This fermented onion pepper relish is a welcome condiment at any grill out. It’s great on sandwiches and burgers, mixed into tuna, stirred into pasta salad, or topped over tacos.
Yield: 1 wide mouth quart jar
- 3 cups onions, thinly sliced (I prefer yellow onions, but you can use white or red)
- 2 cups red bell peppers, thinly sliced
- 1/4 cup jalapeño peppers, thinly sliced
- 1/2 tsp. celery seed
- 2 cloves fresh garlic, minced
- 2 tsp. kosher salt
Clean and chop ingredients, and mix them together with celery seeds. Sprinkle salt over the mixture and stir well
Pack clean quart canning jar with prepared ingredients, leaving 1 1/2 inches of headspace (room from the top of the veggie mixture to the rim of the jar. A brine will naturally be created as the salt pulls liquid from the produce.
Use the back of a spoon or your clean fist to pack the ingredients tightly into the jar. If you have a small fermentation jar weight, add it to the jar to hold down the produce under the brine.
Wipe off the rim of the jar with a clean dampened towel. Add the Mason jar canning lid and tightly screw on the ring.
This relish recipe is a four-to-five-day ferment. Ferment at room temperature, ideally between 60-75 degrees F (15-23 degrees C) and keep out of direct sunlight.
Check on the ferment daily to make sure the brine is covering all the produce. If the produce has floated above the brine level, use a clean utensil to push it back below the brine or scoop it out and discard.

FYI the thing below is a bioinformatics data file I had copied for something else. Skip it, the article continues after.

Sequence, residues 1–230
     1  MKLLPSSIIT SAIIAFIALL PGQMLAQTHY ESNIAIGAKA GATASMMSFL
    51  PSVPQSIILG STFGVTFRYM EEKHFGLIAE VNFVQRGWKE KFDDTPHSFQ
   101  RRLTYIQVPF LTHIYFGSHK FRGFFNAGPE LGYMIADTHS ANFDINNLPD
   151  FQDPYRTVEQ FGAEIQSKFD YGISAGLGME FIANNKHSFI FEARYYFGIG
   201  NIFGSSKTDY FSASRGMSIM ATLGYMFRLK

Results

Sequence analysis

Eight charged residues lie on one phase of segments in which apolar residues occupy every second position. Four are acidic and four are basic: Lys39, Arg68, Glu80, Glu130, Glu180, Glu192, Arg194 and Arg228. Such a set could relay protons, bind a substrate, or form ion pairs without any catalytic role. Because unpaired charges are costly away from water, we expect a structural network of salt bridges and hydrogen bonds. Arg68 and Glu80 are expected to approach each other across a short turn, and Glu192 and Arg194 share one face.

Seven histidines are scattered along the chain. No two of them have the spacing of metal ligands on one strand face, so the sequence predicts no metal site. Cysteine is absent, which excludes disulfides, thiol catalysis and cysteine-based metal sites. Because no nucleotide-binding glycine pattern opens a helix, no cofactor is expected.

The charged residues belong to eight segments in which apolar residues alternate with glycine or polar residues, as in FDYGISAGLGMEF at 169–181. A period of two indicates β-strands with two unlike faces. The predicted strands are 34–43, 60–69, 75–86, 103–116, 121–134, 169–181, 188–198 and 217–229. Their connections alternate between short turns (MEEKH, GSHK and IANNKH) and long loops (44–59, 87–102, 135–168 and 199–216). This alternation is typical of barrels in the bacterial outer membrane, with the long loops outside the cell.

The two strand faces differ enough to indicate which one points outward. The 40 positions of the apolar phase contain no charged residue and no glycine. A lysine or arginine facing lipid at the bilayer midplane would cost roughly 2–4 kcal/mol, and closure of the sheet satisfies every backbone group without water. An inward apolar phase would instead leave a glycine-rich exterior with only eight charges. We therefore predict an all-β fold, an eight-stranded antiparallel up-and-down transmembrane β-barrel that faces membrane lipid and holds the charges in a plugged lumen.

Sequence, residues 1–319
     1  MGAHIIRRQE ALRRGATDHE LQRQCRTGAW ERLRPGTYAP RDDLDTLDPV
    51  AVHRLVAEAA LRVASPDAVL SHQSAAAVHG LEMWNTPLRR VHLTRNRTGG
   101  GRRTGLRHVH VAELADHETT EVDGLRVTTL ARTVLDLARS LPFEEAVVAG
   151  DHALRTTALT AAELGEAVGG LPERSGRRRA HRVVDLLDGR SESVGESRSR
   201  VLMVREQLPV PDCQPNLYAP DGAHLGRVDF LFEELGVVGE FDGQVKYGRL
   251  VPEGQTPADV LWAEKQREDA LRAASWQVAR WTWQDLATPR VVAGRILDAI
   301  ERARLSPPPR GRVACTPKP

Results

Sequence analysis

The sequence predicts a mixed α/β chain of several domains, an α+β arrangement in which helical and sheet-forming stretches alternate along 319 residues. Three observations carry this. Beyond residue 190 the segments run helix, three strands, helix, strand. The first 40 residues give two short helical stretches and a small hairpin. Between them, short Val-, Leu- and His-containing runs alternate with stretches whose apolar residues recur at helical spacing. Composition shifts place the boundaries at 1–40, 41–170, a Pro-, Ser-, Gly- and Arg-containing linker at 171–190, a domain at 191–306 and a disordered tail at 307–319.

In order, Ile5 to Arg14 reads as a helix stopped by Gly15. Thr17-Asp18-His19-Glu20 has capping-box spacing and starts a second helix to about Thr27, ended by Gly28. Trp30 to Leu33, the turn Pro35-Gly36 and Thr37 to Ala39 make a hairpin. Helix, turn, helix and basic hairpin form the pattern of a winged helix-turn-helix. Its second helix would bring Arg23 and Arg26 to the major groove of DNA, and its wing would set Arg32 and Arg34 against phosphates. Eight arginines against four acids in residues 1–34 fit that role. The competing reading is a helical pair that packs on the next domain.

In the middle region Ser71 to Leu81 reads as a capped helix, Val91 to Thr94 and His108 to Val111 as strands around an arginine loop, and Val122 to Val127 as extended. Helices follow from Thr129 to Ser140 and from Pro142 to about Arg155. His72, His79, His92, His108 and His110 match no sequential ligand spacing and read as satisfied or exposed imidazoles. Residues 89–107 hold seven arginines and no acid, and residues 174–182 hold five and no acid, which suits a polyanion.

Burp the jar daily. Unscrew the lid briefly and tighten it back on to allow any built-up gas to release (and avoid possible jar breakage or the ferment from overflowing).
Once fermentation is complete, transfer the jar into the refrigerator, with the brine and all.
Fermentation does not stop once the ferment is transferred to the refrigerator, however it does slow the process way down. The taste and texture will continue to change, therefore this ferment is best enjoyed within six months.
If you do not have a glass jar weight, you can improvise by using an easily removable small food-grade glass dish that fits inside the jar. Or, if you have a smaller glass canning jar that can fit into the mouth of the jar you are fermenting with, you can use that to keep the produce pushed under the brine.
If you are unsure if your water is safe for fermentation, you can boil it and allow it to cool to room temperature before stirring in the salt to make your brine.
You may substitute fine sea salt instead of coarse kosher salt if you prefer. The measurement will remain the same for this fermented onion pepper relish recipe.
This recipe has been adapted from Can It & Ferment It (expanded 2020 edition) with permission from Skyhorse Publishing, Inc.